Adult male weight mean 6.73 kg (n=4) (Smith and Jungers 1997)
Adult female weight mean 4.35 kg (n=5) (Smith and Jungers 1997).
Brown howlers inhabit lowland, submontane and montane forests as well as inland semideciduous seasonal forests. In south-eastern Brazil, brown howlers inhabit highly seasonal subtropical and temperate forests. Brown howlers on the protected island Ilha do Cardoso State Park inhabit the subtropical and tropical Atlantic Forest, where they are often found in trees of the genus Araucaria and tend to avoid the restinga (i.e., coastal lowland savannah).
Habitat Regions: temperate ; tropical ; terrestrial
Terrestrial Biomes: forest ; rainforest
- Mendes, S., A. Rylands, M. Keirulff, M. de Oliveira. 2008. "Alouatta guariba" (On-line). IUCN 2010. Accessed March 20, 2011 at http://www.iucnredlist.org/apps/redlist/details/39916/0.
- Richardson, M. 2005. "Brown Howling Monkey (Alouatta guariba)" (On-line). ARKive. Accessed March 15, 2011 at http://www.arkive.org/brown-howling-monkey/alouatta-guariba/#text=Range.
Brown howlers rely mostly on leaves, flowers, and fruit; however, their diet varies according to the season and location. Leaves make up close to a third of their diet and when available they prefer young leaves. The flowers and leaves of various types of lianas (i.e., any type of woody vine) are commonly ingested by brown howlers in south-eastern Brazil and make up approximately 27% of their diet. Fruit consumption depends on location and can be a significant part the brown howler diet depending on availability. When available, they preferentially select fleshy fruits. Brown howlers spend more time foraging during fall and winter, as the quality of available food decreases and more energy is required to maintain homeostasis when temperatures are low.
Plant Foods: leaves; fruit; flowers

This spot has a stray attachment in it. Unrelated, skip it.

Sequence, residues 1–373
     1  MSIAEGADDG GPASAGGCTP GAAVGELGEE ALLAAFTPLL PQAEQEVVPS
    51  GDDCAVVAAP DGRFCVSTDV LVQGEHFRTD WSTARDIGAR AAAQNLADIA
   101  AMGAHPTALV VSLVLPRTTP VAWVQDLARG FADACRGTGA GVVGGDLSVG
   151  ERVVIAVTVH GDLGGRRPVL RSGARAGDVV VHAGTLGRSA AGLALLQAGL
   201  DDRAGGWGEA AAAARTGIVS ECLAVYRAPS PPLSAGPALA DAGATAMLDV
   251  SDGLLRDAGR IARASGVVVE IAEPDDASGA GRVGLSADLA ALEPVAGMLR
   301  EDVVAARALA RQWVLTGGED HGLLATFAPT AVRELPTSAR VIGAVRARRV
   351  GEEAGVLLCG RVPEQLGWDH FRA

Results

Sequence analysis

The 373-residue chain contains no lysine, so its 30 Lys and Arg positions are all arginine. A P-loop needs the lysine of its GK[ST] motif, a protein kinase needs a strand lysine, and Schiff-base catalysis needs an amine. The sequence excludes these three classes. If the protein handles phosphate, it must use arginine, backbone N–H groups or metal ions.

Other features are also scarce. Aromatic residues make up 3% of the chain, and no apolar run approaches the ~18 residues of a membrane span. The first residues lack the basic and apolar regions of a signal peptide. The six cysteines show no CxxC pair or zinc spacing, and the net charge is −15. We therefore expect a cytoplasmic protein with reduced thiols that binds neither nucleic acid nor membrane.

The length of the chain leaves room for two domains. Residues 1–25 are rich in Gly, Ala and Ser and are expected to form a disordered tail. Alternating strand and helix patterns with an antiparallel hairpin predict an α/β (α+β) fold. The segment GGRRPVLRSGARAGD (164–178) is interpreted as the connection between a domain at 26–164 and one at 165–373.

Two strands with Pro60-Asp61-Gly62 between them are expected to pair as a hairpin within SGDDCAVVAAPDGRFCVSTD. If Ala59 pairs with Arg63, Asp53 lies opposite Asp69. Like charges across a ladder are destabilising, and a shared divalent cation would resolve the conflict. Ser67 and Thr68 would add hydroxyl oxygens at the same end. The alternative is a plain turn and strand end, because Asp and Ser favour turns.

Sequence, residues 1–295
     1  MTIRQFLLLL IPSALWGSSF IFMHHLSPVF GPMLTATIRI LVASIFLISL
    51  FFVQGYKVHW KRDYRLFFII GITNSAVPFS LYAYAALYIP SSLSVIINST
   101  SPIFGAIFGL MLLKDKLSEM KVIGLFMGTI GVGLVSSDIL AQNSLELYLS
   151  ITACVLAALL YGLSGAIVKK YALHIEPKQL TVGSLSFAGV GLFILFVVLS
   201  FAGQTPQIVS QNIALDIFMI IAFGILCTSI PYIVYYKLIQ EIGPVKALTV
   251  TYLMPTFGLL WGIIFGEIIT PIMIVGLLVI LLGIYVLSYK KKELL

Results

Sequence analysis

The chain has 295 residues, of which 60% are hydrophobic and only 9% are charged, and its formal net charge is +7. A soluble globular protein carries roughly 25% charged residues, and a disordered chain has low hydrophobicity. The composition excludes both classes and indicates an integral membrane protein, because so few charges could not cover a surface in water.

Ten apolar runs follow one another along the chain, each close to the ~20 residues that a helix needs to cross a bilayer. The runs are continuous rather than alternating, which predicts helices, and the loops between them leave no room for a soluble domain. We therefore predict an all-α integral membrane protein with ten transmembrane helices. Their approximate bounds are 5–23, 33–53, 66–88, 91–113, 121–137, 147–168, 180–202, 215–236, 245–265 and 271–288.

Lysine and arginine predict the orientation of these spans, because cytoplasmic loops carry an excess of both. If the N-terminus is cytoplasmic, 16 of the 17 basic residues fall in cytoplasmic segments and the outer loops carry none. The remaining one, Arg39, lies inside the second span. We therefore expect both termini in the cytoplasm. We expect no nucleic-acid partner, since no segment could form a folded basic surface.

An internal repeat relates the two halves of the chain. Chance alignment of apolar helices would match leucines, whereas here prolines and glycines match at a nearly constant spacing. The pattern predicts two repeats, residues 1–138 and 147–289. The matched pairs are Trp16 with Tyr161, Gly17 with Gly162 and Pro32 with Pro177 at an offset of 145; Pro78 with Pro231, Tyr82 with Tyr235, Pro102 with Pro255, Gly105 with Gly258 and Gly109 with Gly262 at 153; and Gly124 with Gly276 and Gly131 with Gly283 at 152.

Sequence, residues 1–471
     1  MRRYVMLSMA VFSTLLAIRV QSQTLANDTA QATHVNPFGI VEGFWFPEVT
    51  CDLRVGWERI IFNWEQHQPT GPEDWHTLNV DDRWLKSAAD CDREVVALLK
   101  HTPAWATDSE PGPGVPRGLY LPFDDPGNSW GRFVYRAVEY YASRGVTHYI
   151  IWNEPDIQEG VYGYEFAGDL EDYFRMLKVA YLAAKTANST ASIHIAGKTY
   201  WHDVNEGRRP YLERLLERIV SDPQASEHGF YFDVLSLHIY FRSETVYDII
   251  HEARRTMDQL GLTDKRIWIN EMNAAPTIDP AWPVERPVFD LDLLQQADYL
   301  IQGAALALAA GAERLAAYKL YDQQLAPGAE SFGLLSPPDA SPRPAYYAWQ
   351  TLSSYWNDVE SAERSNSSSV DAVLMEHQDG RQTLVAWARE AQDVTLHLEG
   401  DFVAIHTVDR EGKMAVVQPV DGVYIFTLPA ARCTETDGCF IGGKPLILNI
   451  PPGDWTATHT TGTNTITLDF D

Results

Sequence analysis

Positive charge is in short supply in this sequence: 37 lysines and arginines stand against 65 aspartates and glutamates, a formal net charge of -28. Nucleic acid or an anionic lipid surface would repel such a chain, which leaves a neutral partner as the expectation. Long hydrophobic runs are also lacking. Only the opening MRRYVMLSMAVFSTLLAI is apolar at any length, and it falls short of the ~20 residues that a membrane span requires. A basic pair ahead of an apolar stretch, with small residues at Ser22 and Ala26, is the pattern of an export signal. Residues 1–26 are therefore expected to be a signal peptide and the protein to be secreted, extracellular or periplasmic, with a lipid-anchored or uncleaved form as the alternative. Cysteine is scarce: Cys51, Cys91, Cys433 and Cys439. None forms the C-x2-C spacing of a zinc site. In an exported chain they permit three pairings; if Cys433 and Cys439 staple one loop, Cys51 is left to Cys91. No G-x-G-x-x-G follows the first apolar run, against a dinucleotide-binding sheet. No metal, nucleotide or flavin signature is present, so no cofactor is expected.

Primary Diet: herbivore (Folivore , Frugivore )
- Chiarello, A. 1994. Diet of the Brown Howler Monkey Alouatta fusca in a semi-deciduous Forest Fragemnt of Southeastern Brazil. Primates, 35(1): 25-34.
- Martins, M. 2008. Fruit diet of Alouatta guariba and Brachyteles arachnoides in Southeastern Brazil: comparison of fruit type, color, and seed size. Primates, 49(1): 1-8.
- Martins, M. 2009. Lianas as a food resource for brown howlers (Alouatta guariba) and southern muriquis (Brachyteles arachnoides) in a forest fragment. Animal Biodiversity and Conservation, 32(1): 51-58.
Members of Alouatta tend to be colonial and can adapt to a wide range of modified habitats. They are frugivores and folivores and may play a significant role in dispersing the seeds or pits of a variety of plant species, including Celtis spinosa and Cordia sellowiana. Brown howlers are host to a variety of parasitic protozoa (Giardia), bacteria, and viral species that can also infect humans and livestock. Many species of roundworms including thread worms, pin worms and whip worms spend at least part of their complex life cycle in the tissues of brown howlers, as do many species of flatworms, including liver flukes and lung flukes. Increased human contact has been shown to increase the prevalence of parasites in brown howlers. Brown howlers are also known to host a number of ectoparasitic arthropods including mites, ticks, and lice